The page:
Peacemaking Heritage - 12
Soon after the exchange in the March 10, 1859 Review and Herald between abolitionist Anson Byington and editor Uriah Smith (see last week’s Peacemaking Heritage – 11), Byington weighed in again. The further “Communication from Bro. A. Byington” appeared in the April 21 issue, elaborating on his arguments for political action against slavery. This fascinating document suggests much that can enrich our conception of early sabbatarian Adventist views on societal issues, if we are willing to take a close look.
We find, for instance, that Byington’s polemic is directed not only against Smith’s deterministic apocalyptic ethic, but against the Garrisonian nonresistance widely held among the early Adventists. “Moral suasion” – the favored tactic of the Garrisonian abolitionists, must be brought to bear on those who make the nation’s laws, not just individual consciences, Byington insisted. And, he rejected Garrison’s notorious denunciation of the Constitution is “a covenant with death and an agreement with hell” because it sanctions slavery. It is hardly likely that he would have bothered to do so unless he perceived that the same view was common among Adventists.
From John Waller’s article in Adventist Heritage (July 1974), we learn that Byington was in fact a dedicated advocate of political abolitionism. This sector of the movement repudiate Garrison’s nonresistance purism, which insisted that abolitionists use neither coercive laws nor vote for corrupt and compromising political parties to achieve their ends (see “Millerism and Antislavery Politics,” Peacemaking Heritage – 2). In the presidential election of 1848, Anson voted for Gerrit Smith (see Peacemaking Heritage – 8), whose Liberty League party garnered only a few thousand votes.
This background makes all the more significant the fact that in his second “communication” in the Review, Byington does not simply try to argue for political abolitionism, but makes his case in the terms of Adventist teachings about apocalyptic prophecy, specifically Revelation 13, and impending judgment.
I admit that the legislation, not only of the slave States, but also of the nation, is dragonic enough to warrant the application of the prophecy of the two-horned beast to our government, but I deny that our Federal constitution any where speaks as a dragon; but on the contrary, I maintain that its prohibitions and provisions are ample to nullify all Sunday laws, as well as slave laws, and to fulfill its promises in the preamble to establish justice, and secure liberty, the great ends for which it was ordained of God through the people of the United States, and that "we the people" are morally responsible for its just and faithful administration, whatever may be the meaning of the prophecies, or however near the second advent.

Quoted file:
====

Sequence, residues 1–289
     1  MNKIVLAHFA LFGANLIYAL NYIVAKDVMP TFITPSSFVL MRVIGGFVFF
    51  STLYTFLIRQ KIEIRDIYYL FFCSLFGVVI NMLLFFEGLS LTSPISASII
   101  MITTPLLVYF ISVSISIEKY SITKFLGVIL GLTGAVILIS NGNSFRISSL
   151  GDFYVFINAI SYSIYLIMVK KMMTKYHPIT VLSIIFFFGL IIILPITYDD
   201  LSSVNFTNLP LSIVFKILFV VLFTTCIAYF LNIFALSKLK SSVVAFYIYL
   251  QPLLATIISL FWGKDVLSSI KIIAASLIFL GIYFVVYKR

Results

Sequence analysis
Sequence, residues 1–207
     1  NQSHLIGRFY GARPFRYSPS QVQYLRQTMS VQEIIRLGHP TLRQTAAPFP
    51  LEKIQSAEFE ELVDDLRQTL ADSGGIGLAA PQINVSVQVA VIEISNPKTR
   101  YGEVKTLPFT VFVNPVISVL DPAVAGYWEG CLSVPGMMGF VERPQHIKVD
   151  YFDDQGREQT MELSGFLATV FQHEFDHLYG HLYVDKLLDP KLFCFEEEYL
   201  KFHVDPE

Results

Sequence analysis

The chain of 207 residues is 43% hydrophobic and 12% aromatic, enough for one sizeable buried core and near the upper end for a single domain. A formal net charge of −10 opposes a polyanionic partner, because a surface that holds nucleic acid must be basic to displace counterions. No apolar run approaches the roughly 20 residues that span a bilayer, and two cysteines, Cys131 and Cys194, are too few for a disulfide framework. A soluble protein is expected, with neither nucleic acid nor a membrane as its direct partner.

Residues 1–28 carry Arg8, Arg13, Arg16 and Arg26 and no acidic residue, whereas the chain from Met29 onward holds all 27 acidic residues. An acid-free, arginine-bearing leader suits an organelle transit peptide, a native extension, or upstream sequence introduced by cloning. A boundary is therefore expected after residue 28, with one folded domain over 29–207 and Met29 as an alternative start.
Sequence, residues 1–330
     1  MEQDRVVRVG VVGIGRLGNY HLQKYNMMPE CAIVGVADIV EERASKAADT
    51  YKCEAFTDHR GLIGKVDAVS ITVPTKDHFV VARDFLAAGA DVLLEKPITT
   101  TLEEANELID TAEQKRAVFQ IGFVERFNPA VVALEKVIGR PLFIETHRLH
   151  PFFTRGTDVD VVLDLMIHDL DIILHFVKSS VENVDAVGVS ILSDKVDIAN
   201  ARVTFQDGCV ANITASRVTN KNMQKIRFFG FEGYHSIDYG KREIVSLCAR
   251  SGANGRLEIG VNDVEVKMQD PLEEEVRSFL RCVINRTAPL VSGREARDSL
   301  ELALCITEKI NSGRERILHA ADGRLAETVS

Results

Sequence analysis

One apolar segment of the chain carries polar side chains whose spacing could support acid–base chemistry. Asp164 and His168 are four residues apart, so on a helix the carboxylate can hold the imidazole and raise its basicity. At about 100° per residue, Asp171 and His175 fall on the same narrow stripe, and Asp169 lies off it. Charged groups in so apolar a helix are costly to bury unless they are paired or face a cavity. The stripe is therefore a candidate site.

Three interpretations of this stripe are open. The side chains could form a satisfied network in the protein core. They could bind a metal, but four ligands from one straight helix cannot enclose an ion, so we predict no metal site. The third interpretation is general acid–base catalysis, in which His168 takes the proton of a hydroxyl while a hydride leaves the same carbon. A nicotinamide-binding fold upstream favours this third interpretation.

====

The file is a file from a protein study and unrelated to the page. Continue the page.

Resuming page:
This, to Adventists, may seem impracticable, or if not impracticable, to be but a secular and secondary interest, compared with the rescue of God’s people from fallen Babylon, as it truly is, when viewed only in its secular aspects; but, if the blood of the slave shall be found in our skirts in the final judgment, if our final condemnation shall proceed on the ground of our neglect of duty “to the least of these,” it will then seem to have been a matter of primary, rather than of secondary importance. Indeed, there is really nothing secondary in morals, for although the first great commandment in the law enjoins supreme love to God, yet the second is “like unto it,” thou shall love thy neighbor as thyself.”
In response to Smith’s argument that Adventists could nothing that would have a practical impact on slavery in the remote South, anyway, Byington countered that none of the Northern states yet granted the full measure of legal protection and equal citizenship to fugitive slaves. Thus, “there are men enough about our doors under the dominion and bondage of this political sin, of which they must repent or perish, on whom reformers might afford to expend some little effort.”
Do Anson Byington’s views count in assessing Seventh-day Adventist positions on slavery, politics, and reform? After all, he does not seem ever to have become a member of the church, and expresses disenchanted with the editorial stance of the Review. On the other hand, when we put together the information from last week’s installment with this one, we know that he: 1) declared himself an observer of the seventh day Sabbath; 2) affirmed belief in the second advent of Christ; 3) found the distinctive and crucial Seventh-day Adventist interpretation of Revelation 13 persuasive; and 4) was engaged with the community formed by the Review itself for several years, until 1860 at least.
Finally, there is the question of whose views finally proved to be more “Adventist” – his or Smith’s? Smith declined to respond to Byington’s second essay, other than to observe: “Time will shortly determine the best policy.”
Next week we will look at evidence suggesting that by the end of the Civil War in little more than five years’ time, Seventh-day Adventists as a whole stood closer to Anson Byington’s position than to Review editor Smith’s.